First Things First

Elijah the prophet was an outstanding character whose life and service can only be understood if viewed in perspective as that of a man amongst men, and a recognition of the fact that he was, as the Bible says, “subject to like passions as we are”. A study of his life is very rewarding, revealing as it does his true devotion to God and to the people of God. His weak-nesses are made apparent, and herein lies one of the marks of inspiration in the Holy Scriptures; no one’s faults are glossed over, they are there for our learning. But Elijah’s qualities are also revealed, and we are able to see how it was possible for God to use him as He did. These qualities were not so much inherent in him as a man, but characteristics which God was able to sanctify and use when Elijah’s life was yielded to Him.

One of the interesting and instructive experiences that Elijah had following God’s care of him by the brook Cherith was at Zarephath. God told him to go there and said that He had commanded a widow woman to sustain him, 1 Kings 17. 9. God’s instructions and arrangements are worth heeding, for always He has a purpose and it is better to be in His will than out of it. We might have replied - “Why a widow woman and why not somebody with more of this world’s goods?”. Elijah went, and having come to the gate of the city, he saw there a widow woman gathering sticks. Having called her to fetch him a drink of water, he called again and asked for a morsel of bread. In a sentence by way of reply, she attributes to him a relationship with God: “As the Lord thy God liveth" and confesses her own abject need – only a handful of meal and a little oil, just enough for her and her son to eat before they must face starvation and death.

On the human level where faith is not operative, Elijah’s reply would appear neither creditable to him nor reasonable to the woman. On the divine level, however, what appeared unreasonable required acquiescence and response. He advised her to do as she had intended but said, “make me thereof a little cake first, and bring it unto me, and after make for thee and for thy son’. This was supported by the word, “thus saith the Lord God of Israel" and the promise that the supply of these things would be continuous in the future. It was to her credit that she went and did according to the saying of Elijah and the result was that she, he and her house did eat many days and the barrel of meal wasted not neither did the cruse of oil fail. All this was very homely and, in a sense, the incident was purely local, but the blessing of it has been perpetuated for centuries.

Some of the practical lessons we can learn from it are:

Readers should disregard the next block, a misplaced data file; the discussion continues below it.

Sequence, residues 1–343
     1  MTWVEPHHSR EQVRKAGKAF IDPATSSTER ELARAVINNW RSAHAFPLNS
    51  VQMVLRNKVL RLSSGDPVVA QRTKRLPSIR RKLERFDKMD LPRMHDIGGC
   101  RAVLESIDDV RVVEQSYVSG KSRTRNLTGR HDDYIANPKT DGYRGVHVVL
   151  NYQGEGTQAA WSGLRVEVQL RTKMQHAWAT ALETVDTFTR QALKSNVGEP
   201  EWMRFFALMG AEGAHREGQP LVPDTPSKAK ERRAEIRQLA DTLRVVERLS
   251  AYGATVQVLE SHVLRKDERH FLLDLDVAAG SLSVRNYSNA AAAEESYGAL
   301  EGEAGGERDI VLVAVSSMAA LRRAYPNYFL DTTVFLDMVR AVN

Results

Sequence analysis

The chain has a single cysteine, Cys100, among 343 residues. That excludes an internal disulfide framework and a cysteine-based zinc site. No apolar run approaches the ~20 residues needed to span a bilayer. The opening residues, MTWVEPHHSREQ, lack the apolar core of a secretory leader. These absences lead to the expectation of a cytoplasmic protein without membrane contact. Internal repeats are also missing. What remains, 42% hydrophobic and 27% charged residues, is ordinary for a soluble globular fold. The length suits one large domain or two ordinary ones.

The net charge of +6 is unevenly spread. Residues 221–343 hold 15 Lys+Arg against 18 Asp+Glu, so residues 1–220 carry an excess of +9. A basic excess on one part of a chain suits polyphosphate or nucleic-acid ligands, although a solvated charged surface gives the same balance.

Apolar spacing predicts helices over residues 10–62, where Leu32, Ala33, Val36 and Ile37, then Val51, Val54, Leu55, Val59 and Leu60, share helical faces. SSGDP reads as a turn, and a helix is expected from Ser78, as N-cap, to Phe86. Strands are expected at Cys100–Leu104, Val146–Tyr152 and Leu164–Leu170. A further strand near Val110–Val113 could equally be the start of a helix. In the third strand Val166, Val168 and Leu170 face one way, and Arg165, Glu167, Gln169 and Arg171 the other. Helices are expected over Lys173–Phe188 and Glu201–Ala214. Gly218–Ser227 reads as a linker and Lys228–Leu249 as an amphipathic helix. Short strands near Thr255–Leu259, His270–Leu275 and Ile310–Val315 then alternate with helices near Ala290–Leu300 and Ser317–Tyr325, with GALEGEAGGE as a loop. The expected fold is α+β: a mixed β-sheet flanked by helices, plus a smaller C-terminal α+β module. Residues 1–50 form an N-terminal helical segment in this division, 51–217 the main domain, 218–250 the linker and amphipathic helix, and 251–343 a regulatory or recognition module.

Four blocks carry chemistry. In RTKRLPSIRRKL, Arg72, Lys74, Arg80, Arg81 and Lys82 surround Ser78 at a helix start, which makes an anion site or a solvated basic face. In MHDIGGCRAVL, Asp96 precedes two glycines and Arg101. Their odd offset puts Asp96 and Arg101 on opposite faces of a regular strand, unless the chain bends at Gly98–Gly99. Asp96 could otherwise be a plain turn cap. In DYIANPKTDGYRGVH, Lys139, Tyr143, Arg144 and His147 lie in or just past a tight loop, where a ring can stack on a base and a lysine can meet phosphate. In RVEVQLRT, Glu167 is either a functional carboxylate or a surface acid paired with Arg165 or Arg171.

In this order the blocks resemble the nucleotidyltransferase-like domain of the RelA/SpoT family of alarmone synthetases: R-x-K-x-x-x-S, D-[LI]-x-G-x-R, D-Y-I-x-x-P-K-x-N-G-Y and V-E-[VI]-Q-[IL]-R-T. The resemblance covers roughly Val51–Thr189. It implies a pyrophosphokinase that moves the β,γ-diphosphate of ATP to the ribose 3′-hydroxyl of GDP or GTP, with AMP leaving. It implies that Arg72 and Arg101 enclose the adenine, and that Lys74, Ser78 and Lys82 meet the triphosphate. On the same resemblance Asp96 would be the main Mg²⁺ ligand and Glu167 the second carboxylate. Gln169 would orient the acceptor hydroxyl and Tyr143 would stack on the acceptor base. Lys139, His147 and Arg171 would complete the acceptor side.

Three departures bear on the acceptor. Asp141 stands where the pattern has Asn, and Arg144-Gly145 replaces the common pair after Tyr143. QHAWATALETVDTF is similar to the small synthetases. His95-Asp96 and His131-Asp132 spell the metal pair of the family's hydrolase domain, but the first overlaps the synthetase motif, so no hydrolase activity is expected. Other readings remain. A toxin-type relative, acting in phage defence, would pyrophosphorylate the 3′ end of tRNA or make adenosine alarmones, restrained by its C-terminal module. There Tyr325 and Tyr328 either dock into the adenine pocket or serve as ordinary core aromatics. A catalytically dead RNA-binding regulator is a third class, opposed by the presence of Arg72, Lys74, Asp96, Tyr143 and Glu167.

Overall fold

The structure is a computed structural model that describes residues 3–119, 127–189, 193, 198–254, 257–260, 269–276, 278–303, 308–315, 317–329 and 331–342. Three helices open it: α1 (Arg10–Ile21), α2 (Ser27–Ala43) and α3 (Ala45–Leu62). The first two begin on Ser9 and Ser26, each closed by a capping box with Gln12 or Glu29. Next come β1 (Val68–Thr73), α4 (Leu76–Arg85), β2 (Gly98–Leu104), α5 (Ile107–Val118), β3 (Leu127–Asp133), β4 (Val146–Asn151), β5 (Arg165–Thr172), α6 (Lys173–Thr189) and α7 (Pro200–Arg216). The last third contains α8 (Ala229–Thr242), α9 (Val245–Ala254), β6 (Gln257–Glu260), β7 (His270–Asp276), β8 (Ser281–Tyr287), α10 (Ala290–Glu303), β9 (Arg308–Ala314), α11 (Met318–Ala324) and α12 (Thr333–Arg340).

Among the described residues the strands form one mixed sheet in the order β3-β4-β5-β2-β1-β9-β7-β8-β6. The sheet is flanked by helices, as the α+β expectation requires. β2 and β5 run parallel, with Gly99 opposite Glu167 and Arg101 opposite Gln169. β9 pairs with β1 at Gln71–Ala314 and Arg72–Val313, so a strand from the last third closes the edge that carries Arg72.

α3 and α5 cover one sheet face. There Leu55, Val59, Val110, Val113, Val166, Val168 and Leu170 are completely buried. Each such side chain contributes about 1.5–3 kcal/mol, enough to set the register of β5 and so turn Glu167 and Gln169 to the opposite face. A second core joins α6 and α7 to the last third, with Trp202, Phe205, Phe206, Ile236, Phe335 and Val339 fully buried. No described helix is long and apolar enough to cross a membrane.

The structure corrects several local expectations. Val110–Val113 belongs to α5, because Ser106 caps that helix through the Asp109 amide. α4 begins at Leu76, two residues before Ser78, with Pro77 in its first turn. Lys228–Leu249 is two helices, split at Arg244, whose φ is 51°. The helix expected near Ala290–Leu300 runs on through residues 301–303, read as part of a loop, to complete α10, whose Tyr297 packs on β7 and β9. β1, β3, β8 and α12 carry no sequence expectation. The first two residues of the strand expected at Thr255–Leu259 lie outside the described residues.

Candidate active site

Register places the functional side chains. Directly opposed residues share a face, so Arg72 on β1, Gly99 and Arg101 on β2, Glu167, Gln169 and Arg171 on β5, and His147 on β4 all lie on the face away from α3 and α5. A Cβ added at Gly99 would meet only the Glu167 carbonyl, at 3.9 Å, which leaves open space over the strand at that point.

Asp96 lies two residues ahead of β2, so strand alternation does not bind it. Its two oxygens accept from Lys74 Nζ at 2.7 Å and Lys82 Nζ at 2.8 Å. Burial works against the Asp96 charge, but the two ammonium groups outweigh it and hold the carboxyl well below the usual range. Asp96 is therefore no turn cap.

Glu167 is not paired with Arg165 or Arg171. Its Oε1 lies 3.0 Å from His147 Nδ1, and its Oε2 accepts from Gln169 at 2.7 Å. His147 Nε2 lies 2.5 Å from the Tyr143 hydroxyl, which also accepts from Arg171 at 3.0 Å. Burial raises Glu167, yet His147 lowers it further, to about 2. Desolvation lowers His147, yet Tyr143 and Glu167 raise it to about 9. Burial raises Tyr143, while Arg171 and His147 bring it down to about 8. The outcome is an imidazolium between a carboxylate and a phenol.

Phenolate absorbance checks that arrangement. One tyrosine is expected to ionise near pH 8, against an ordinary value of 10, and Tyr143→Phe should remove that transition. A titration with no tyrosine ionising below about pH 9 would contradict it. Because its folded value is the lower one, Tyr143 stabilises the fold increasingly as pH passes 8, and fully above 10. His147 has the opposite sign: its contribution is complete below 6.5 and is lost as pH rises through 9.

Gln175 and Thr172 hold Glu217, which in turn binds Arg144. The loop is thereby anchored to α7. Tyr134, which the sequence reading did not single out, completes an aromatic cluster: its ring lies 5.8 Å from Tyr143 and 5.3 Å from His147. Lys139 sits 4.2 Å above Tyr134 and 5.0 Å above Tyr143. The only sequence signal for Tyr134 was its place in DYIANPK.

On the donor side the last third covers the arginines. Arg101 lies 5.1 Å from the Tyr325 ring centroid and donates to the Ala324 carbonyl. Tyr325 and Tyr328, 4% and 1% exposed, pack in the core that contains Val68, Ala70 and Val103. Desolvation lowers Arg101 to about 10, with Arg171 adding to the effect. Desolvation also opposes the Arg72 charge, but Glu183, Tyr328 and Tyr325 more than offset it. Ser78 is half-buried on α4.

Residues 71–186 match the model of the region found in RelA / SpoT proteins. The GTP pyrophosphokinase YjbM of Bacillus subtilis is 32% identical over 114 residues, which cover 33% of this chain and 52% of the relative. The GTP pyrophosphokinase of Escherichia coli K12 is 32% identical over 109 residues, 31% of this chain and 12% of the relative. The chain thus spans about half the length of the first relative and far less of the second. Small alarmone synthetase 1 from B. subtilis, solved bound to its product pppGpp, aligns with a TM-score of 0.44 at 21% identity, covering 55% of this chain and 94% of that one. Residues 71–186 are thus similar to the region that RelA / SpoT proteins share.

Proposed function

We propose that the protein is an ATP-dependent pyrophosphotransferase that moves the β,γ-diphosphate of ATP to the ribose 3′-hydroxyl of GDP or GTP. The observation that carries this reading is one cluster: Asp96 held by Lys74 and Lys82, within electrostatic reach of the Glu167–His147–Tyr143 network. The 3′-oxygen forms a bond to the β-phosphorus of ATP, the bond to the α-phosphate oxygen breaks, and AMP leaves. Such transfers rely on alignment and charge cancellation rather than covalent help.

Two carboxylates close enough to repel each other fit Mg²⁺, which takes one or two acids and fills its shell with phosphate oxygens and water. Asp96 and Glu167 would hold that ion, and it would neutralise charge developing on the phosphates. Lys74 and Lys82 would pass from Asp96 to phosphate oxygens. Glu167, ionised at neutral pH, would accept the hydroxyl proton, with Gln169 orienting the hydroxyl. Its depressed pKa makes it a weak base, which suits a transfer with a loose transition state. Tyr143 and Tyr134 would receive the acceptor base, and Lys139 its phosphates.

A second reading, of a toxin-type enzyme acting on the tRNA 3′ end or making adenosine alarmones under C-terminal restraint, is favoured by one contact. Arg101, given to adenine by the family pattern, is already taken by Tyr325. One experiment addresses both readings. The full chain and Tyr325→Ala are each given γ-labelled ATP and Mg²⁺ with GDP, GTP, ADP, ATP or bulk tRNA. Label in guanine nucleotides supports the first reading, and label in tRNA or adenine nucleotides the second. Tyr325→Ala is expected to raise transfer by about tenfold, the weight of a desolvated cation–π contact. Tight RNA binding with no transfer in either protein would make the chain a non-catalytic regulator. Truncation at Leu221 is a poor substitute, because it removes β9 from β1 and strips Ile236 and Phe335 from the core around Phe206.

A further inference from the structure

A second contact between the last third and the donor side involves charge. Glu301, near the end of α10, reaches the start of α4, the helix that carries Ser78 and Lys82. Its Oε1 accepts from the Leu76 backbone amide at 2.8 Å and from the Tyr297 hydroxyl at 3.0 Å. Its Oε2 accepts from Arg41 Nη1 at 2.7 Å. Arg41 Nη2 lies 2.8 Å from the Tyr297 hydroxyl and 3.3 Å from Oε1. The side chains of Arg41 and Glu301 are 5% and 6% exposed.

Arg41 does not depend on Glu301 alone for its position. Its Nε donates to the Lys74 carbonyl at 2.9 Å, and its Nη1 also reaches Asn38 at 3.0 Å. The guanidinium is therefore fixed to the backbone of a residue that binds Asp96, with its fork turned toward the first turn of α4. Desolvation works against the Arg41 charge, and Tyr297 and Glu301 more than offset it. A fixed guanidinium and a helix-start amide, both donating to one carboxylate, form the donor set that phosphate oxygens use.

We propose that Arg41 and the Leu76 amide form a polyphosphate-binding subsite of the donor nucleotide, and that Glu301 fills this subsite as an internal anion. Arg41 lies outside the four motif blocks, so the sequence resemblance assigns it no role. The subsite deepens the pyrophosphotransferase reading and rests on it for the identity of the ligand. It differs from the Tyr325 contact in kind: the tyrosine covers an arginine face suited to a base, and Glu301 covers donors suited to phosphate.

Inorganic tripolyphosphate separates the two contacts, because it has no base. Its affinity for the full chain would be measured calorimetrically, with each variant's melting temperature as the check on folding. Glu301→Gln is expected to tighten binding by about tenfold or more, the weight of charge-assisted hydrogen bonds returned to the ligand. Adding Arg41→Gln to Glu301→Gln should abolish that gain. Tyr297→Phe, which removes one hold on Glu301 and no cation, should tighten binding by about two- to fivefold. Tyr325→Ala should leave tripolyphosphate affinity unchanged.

1. The obedience of Elijah and the widow woman to God. Each had been directed by Him and in their obedience found themselves within His will.

2.The need of food by both Elijah and the widow woman and her family was important and provided for by God. Remember they were living in days of famine.

Words spoken by our Lord when He was on earth were not unrelated to this experience and, indeed, to the whole of life. Do you see the lilies of the field?, do you see the grass and the sparrows? If God made provision for them shall He not also make provision for you? The operative words are of course -"O ye of little faith”, Matt. 6. 30. This is the crux of the matter in all our dealings with God and His dealing with us. God’s revelation and God’s provision only await the act of faith – the upward glance and the outstretched hand both to see and to receive. In the case of Elijah, “he arose and went" and in the case of the widow woman, “she went and did”. Elijah was blessed in knowing and proving the continued care and pro-vision of God and the widow woman received a blessing in the service she rendered and in the reward she received.

There are two other points which are suggested to us in the request of Elijah: “Make me thereof a little cake first”. In a sense it was not to Elijah that the woman responded but to God. It was God who directed him and her, and while Elijah ate the cake, God enjoyed it!

The second point is that the woman learned to put first things first; it was a response of selflessness which is bound to bring its own reward. This may not be immediate, or apparent, but God is no man’s debtor and any act of faith toward Him is accepted by Him and multiplied to the good of others.


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